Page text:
North Korea is destroying a South Korean-owned golf course at a scenic mountain resort in the second confirmed case of South Korean assets being eliminated in an area where the rivals once ran a joint tour program, officials said Tuesday in Seoul.
North Korea’s demolition of South Korean-built facilities at its Diamond Mountain resort comes as ties between the countries remain strained over the North’s recent series of high-profile missile tests.
Responding to queries by The Associated Press, Seoul’s Unification Ministry said it has confirmed North Korea is demolishing the golf resort in addition to a South Korean-owned hotel there. Last Friday, the ministry said North Korea was dismantling the Haegumgang Hotel, a floating hotel docked at a coastal area in the resort.
The ministry said it strongly urges North Korea to stop destroying the South Korean facilities. It demanded North Korea return to talks to address the issue.
The two Koreas jointly ran a tour project at the resort for about 10 years during an earlier era of inter-Korean detente. The tours drew an estimated 2 million South Korean visitors and served as a rare source of foreign currency for the impoverished North. But South Korea suspended the project in 2008 after one of its tourists was fatally shot by a North Korean soldier there.
After their relations improved in 2018, the two Koreas pushed to resume stalled cooperation projects including the mountain tours. But Seoul eventually failed to do so without defying U.S.-led sanctions that kept the tours from restarting. In 2019, North Korean leader Kim Jong Un ordered officials to tear down South Korean-owned assets in the resort, but the demolition was delayed due to worries about the spread of the coronavirus.
North Korea has sought sanctions relief and other concessions from the United States and South Korea to revive its moribund economy. Some experts say its recent weapons testing activity was meant to perfect its missile technology and boost its leverage in future negotiations with its rivals.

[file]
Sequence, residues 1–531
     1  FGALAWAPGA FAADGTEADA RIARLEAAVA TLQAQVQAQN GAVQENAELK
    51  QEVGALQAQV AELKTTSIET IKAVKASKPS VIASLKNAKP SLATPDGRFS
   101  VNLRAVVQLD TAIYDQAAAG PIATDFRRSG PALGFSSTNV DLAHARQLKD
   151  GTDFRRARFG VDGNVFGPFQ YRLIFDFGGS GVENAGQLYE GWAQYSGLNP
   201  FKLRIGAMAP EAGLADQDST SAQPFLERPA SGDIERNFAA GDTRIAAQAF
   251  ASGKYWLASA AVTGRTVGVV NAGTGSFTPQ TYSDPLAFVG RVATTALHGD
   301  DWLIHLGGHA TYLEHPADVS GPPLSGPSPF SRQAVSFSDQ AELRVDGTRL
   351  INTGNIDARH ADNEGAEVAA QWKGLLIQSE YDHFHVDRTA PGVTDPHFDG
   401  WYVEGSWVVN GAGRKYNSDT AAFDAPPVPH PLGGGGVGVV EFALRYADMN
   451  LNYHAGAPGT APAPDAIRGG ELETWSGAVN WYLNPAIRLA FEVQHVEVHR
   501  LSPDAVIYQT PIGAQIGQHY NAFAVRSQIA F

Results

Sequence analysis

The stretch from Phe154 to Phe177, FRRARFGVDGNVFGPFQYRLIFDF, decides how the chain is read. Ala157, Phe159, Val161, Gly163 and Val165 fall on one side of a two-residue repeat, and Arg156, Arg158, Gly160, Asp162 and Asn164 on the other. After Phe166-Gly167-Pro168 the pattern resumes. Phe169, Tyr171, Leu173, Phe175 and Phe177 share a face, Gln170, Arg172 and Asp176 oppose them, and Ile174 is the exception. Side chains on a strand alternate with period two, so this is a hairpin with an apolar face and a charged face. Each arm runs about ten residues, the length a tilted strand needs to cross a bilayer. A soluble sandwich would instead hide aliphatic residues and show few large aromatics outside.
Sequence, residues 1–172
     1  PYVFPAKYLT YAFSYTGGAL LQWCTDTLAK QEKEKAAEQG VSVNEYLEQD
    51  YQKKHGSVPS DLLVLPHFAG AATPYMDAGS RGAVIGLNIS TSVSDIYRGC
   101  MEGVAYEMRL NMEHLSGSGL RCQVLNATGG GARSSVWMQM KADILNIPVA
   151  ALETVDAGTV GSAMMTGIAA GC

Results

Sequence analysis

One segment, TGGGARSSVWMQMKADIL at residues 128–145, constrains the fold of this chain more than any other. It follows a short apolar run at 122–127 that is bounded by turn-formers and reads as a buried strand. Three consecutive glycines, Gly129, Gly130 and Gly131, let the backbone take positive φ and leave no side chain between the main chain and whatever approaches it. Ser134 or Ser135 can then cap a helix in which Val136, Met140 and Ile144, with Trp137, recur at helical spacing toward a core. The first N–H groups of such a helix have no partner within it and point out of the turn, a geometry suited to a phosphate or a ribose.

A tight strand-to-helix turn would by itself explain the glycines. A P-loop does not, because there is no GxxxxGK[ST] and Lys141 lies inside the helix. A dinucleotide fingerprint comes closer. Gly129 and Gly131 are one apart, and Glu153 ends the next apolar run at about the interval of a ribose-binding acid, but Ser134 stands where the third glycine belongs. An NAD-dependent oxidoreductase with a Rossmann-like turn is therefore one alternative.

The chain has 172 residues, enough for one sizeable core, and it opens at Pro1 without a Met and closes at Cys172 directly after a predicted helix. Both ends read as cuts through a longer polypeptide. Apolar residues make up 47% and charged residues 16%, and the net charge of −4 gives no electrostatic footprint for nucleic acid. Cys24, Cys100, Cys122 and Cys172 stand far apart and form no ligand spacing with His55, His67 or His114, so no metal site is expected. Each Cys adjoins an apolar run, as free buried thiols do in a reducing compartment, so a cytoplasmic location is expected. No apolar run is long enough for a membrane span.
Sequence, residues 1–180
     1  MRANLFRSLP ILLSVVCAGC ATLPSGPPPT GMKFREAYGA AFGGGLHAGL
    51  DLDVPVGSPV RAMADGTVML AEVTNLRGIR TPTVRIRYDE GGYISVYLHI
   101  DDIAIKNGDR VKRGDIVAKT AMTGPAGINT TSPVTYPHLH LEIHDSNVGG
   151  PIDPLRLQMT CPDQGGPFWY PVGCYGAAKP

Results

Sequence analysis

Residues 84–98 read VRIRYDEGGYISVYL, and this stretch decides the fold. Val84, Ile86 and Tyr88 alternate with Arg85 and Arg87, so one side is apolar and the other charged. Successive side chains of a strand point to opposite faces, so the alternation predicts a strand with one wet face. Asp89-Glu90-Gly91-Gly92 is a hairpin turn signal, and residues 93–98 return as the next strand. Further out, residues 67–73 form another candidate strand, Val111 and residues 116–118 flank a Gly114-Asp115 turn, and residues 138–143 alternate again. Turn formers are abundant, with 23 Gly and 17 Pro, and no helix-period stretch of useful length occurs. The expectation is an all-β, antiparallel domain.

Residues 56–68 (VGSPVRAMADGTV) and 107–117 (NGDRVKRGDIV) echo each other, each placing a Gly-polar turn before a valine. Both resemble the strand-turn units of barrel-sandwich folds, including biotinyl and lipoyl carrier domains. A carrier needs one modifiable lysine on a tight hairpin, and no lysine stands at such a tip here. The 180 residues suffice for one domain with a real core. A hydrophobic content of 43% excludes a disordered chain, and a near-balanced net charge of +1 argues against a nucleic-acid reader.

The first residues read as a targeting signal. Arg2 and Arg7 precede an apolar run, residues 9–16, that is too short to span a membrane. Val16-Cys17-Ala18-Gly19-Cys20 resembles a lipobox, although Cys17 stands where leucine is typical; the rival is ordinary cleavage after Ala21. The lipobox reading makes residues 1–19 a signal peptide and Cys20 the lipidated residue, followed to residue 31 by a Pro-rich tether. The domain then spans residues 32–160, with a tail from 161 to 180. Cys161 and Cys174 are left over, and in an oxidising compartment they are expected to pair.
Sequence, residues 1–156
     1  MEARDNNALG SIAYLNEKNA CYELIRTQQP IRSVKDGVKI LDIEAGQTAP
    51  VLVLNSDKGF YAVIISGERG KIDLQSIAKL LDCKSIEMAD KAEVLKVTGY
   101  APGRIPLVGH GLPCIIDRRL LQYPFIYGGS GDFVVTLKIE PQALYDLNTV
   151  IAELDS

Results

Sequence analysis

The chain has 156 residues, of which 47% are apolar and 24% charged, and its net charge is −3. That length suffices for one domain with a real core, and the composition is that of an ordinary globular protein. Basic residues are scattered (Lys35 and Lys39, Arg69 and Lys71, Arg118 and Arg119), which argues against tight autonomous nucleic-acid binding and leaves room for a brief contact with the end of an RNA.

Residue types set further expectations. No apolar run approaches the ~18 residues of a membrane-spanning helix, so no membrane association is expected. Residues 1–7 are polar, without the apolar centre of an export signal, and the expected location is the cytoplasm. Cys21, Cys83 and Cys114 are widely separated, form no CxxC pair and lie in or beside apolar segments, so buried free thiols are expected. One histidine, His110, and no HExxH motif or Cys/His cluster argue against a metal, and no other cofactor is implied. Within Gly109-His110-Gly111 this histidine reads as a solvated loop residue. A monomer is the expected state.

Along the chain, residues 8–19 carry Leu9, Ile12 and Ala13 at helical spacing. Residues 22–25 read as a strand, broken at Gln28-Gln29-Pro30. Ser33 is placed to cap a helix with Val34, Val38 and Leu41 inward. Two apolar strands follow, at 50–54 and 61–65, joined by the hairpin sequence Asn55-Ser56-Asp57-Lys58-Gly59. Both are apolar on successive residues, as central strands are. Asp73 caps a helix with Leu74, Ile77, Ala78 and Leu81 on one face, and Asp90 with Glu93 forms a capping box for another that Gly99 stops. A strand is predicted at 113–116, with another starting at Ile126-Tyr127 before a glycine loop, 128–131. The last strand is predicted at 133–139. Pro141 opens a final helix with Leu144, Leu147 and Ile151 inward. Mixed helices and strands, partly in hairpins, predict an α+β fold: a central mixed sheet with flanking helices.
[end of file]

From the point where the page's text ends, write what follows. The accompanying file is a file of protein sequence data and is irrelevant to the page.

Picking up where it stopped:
Besides the golf resort and floating hotel, South Korea owns other accommodation facilities in the resort such as spas, a culture center, karaoke rooms and a building used for reunions of Korean families separated by war. The fate of those facilities was unclear.
The North’s state media reported Tuesday that a fire in the Diamond Mountain area over the weekend destroyed unspecified facilities and hundreds of hectares of forests. It said the blaze was put out on Sunday.
It wasn’t immediately known if the fire was related to the demolition of the South Korean facilities at the resort. The South Korean Unification Ministry said it was trying to find out if the fire caused any damage to its facilities in the resort.
Register for free to continue reading
Registration is a free and easy way to support our truly independent journalism
By registering, you will also enjoy limited access to Premium articles, exclusive newsletters, commenting, and virtual events with our leading journalists
Already have an account? sign in